Strategies for Helping Patients Reduce Their Financial Burden During Care

Jason Lockard, CMOM
Regional Practice Administrator
Beaumont Medical Group
Southfield, MI
Bettinna Signori, CMOM-HEM/ONC
Regional Practice Administrator
Beaumont Medical Group
Southfield, MI

Cancer remains one of the costliest diseases to treat in the United States. According to a 2020 report published by the American Cancer Society Cancer Action Network, the out-of-pocket costs patients faced in 2018 totaled $5.6 billion.1 Furthermore, evidence shows that the total amount attributed to direct cancer-related healthcare spending in 2015 was $183 billion, a number that is estimated to increase to approximately $246 billion by 2030.2

Unfortunately, an increasing percentage of the costs associated with cancer treatment is being shifted to patients, resulting in higher deductibles, copays, and coinsurance amounts. The COVID-19 pandemic has further increased the financial burden of many patients, as more of them experience unemployment and loss of their health insurance plans.3 An important responsibility of today’s oncology providers is to help patients locate resources that can alleviate the rising costs associated with their treatment.

Financial Assistance

Patients with cancer continue to face rising out-of-pocket costs, a trend that can limit healthcare access and the ability to pay for high-quality services. Frequently, these costs extend beyond copays or deductibles to things such as travel expenses, living expenses, and even caregiver expenses, all of which contribute to their financial burden. Therefore, it is critical that patients are directed to resources that can help mitigate both direct and ancillary costs.

For many patients, the thought of searching for financial assistance can feel overwhelming. Fsortunately, there are several organizations that have done a lot of the leg work for them. One such organization is Cancer Care News (https://cancercarenews.com/more-cancer-freebies/grants/), which offers a comprehensive directory of resources that provide grants to patients. These grants can be used for various expenses, including those related to transportation, lodging, support services, and treatment costs. The directory is updated daily, and there is no fee to apply for these grants.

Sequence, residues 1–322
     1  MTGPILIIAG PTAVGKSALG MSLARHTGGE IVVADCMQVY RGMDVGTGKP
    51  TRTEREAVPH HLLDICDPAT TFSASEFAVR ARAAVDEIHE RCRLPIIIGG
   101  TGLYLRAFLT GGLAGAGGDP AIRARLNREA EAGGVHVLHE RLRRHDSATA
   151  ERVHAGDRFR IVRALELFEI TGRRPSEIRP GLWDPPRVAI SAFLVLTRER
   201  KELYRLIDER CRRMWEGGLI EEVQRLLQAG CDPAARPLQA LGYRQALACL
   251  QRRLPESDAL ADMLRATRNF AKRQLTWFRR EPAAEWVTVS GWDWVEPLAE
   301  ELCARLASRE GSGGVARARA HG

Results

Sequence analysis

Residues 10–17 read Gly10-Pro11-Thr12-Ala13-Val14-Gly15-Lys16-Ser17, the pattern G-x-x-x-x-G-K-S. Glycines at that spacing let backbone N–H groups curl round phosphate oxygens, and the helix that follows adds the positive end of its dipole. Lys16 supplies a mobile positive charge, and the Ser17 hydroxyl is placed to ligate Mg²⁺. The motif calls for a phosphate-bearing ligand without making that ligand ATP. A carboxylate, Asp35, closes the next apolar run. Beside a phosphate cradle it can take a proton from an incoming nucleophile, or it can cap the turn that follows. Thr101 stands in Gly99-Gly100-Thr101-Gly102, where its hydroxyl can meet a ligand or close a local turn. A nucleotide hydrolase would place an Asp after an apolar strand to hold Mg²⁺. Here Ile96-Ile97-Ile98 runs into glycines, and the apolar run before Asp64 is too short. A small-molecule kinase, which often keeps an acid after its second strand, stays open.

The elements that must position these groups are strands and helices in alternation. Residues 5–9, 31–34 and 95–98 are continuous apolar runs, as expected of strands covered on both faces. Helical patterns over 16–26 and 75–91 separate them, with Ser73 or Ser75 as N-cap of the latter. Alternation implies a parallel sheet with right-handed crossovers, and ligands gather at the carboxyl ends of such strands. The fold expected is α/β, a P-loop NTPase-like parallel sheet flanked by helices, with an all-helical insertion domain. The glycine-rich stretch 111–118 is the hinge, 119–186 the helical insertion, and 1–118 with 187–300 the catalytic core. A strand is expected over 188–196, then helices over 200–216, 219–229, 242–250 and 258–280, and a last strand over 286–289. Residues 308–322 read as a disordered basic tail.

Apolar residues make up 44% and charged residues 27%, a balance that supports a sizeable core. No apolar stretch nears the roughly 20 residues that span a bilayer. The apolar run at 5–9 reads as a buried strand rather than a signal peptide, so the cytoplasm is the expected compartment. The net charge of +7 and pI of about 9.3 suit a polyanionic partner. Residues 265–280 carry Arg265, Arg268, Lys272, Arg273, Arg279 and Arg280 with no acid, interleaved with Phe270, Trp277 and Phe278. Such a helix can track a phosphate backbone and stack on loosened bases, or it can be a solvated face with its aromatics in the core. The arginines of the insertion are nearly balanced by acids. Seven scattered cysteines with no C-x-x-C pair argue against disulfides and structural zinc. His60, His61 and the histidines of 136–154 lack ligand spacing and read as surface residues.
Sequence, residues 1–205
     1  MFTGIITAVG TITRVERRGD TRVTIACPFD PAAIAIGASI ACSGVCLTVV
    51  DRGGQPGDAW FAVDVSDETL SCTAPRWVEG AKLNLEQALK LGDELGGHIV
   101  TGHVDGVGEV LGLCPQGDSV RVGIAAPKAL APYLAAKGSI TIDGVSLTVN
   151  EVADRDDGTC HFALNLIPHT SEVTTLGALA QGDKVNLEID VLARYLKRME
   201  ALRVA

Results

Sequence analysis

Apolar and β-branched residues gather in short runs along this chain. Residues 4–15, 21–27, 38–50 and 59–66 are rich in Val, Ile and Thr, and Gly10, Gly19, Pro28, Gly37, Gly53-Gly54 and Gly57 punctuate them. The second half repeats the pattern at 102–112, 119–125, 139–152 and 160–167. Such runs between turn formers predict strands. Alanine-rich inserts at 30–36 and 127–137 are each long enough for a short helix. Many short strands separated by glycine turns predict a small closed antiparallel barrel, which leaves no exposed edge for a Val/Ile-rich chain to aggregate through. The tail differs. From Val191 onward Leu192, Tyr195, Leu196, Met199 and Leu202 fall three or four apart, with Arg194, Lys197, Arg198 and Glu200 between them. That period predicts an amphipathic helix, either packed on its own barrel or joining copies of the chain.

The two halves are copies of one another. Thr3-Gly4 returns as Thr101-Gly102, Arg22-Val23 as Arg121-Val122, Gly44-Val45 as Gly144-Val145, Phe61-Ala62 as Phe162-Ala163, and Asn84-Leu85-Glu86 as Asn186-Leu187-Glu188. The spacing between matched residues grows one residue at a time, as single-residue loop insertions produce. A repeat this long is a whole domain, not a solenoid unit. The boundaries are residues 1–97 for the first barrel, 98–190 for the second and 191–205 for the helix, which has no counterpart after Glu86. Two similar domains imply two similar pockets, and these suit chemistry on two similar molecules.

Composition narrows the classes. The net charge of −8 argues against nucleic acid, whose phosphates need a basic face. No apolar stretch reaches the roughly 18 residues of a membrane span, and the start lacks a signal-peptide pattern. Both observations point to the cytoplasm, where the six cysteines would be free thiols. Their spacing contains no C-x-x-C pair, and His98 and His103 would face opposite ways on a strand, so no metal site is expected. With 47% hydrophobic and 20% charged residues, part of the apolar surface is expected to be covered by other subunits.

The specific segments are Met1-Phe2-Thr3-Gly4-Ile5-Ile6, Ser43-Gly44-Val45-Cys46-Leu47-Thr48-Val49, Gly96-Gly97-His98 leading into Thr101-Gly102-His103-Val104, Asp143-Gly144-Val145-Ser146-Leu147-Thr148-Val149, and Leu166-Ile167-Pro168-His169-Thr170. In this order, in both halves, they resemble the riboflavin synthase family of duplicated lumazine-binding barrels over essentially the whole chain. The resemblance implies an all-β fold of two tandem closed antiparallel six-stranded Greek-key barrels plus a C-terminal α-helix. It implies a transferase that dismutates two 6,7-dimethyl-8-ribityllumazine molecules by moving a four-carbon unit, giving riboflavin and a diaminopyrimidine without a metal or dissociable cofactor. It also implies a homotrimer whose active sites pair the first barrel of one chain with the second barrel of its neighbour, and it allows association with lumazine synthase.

Another helpful resource is the Leukemia & Lymphoma Society (https://lls.org/support-resources/other-helpful-organizations/financial-resources/mortgage-rent-and-utility), which features a directory of organizations and groups that help patients with utility and housing expenses.

In addition, the American Cancer Society (www.cancer.org) remains an important resource for patients diagnosed with cancer. Just a few of the many free services offered by this organization include transportation to medical appointments and lodging when the treatment site is far from a patient’s home.4

Of course, a significant amount of the financial burden facing patients with cancer is related to the direct costs of treatment. The speed with which new therapies are being approved, especially in the area of precision medicine, is mind-blowing, but these innovations come with a high price tag. According to a 2015 analysis, some patients enrolled in the Centers for Medicare FMedicaid Services’ Part D plan may face $12,000 annually in out-of-pocket costs for just 1 drug.5 The good news is that many pharmaceutical companies now provide financial assistance and other support services immediately with the launch of a new cancer medication. Information on the types of patient assistance programs available is typically found on the manufacturers’ websites.

Patients can also seek help through NeedyMeds (NeedyMeds.org), a national nonprofit organization that offers information on drug company financial assistance programs. Its website allows individuals to search for programs by diagnosis or medication name. There are also links to government programs and organizations that offer money-saving coupons.